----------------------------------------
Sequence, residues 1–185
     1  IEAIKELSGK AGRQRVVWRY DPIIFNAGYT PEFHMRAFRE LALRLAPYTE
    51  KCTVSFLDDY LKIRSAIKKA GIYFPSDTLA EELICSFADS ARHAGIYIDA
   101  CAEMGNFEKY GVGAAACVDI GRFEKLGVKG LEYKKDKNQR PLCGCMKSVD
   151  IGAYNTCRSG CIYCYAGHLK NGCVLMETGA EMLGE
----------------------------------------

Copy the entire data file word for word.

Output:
Sequence, residues 1–185
     1  IEAIKELSGK AGRQRVVWRY DPIIFNAGYT PEFHMRAFRE LALRLAPYTE
    51  KCTVSFLDDY LKIRSAIKKA GIYFPSDTLA EELICSFADS ARHAGIYIDA
   101  CAEMGNFEKY GVGAAACVDI GRFEKLGVKG LEYKKDKNQR PLCGCMKSVD
   151  IGAYNTCRSG CIYCYAGHLK NGCVLMETGA EMLGE